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A Comparative Analysis of the Labor Market Impact of International Migration: Canada, Mexico, and the United States

  • Abdurrahman Aydemir
  • George J. Borjas

Using data drawn from the Canadian, Mexican, and U.S. Censuses, we find a numerically comparable and statistically significant inverse relation between immigrant-induced shifts in labor supply and wages in each of the three countries: A 10 percent labor supply shift is associated with a 3 to 4 percent opposite-signed change in wages. Despite the similarity in the wage response, the impact of migration on the wage structure differs significantly across countries. International migration narrowed wage inequality in Canada; increased it in the United States; and reduced the relative wage of workers at the bottom of the skill distribution in Mexico.

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Paper provided by National Bureau of Economic Research, Inc in its series NBER Working Papers with number 12327.

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Date of creation: Jun 2006
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Handle: RePEc:nbr:nberwo:12327
Note: ITI LS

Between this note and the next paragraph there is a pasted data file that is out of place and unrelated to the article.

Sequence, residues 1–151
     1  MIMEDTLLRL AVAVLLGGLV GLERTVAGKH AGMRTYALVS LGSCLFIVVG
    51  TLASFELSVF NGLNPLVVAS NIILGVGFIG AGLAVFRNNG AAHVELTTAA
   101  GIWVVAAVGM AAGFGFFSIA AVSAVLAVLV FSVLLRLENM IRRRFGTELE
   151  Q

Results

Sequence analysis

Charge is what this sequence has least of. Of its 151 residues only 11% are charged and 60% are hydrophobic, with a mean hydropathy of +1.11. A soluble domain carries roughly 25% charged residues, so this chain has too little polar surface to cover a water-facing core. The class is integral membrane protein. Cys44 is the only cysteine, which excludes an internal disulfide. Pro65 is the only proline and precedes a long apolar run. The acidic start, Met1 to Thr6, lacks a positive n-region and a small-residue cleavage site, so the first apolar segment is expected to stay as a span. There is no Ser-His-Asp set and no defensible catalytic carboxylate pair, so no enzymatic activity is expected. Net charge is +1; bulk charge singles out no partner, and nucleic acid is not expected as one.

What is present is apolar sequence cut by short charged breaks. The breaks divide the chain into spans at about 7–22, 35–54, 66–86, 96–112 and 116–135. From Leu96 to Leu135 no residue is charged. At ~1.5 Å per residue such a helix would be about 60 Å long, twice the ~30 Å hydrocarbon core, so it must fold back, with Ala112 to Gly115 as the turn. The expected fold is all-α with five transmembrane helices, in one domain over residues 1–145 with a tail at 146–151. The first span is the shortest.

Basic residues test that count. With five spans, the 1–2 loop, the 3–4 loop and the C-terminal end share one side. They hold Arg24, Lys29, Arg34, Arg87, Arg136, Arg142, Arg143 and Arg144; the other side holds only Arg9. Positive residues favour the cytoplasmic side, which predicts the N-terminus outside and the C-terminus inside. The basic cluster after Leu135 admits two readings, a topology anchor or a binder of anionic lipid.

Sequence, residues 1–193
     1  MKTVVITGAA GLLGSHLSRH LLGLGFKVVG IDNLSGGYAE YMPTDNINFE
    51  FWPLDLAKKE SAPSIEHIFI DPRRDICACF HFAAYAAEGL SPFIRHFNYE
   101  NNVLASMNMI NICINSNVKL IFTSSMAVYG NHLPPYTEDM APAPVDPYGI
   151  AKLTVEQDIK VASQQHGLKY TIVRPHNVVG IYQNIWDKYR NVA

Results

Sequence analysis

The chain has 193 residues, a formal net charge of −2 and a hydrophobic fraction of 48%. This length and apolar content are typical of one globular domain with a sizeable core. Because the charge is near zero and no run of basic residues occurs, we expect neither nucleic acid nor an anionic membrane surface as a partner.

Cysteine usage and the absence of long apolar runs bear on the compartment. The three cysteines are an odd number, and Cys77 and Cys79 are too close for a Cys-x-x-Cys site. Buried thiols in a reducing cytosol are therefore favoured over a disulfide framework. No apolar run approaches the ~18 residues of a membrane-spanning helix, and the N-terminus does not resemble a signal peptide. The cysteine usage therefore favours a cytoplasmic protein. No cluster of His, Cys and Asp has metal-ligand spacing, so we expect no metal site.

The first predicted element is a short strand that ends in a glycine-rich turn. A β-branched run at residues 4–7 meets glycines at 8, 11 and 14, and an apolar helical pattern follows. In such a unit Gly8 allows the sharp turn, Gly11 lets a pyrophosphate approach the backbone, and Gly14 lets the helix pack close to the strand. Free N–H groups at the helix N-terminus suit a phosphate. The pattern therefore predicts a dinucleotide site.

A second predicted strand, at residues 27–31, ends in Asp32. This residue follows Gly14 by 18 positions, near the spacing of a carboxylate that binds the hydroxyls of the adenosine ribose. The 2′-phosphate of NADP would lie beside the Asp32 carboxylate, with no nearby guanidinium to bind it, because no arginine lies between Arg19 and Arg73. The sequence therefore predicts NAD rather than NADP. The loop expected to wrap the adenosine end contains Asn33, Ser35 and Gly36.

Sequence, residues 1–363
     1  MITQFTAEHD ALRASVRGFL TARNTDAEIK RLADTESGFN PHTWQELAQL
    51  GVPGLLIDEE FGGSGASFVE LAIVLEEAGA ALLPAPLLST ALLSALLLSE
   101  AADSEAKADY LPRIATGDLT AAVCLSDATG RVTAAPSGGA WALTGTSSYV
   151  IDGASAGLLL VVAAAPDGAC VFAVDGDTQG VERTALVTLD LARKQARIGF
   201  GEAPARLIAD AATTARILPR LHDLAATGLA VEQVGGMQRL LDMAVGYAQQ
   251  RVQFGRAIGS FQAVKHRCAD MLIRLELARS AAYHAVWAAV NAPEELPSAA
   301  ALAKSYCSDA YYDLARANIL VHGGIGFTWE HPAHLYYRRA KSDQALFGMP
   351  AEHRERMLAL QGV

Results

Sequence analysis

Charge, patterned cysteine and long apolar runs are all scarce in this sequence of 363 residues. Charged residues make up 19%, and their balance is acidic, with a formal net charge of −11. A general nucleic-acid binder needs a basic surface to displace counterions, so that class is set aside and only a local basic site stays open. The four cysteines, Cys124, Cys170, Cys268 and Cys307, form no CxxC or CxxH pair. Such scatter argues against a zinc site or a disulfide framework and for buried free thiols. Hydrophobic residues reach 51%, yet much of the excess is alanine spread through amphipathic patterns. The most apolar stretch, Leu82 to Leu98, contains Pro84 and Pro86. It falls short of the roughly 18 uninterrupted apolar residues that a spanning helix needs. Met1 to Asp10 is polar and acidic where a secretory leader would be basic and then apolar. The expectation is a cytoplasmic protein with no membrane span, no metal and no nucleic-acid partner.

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  8. David Card, 1989. "The Impact of the Mariel Boatlift on the Miami Labor Market," Working Papers 633, Princeton University, Department of Economics, Industrial Relations Section..
  9. Gordon H. Hanson, 2007. "Emigration, Labor Supply, and Earnings in Mexico," NBER Chapters, in: Mexican Immigration to the United States, pages 289-328 National Bureau of Economic Research, Inc.
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  17. Finis Welch, 1979. "Effects of Cohort Size on Earnings: The Baby Boom Babies' Financial Bust," UCLA Economics Working Papers 146, UCLA Department of Economics.
  18. David H. Autor & Lawrence F. Katz & Melissa S. Kearney, 2005. "Trends in U. S. Wage Inequality: Re-Assessing the Revisionists," Harvard Institute of Economic Research Working Papers 2095, Harvard - Institute of Economic Research.
  19. George J. Borjas, 2003. "The Labor Demand Curve is Downward Sloping: Reexamining the Impact of Immigration on the Labor Market," NBER Working Papers 9755, National Bureau of Economic Research, Inc.
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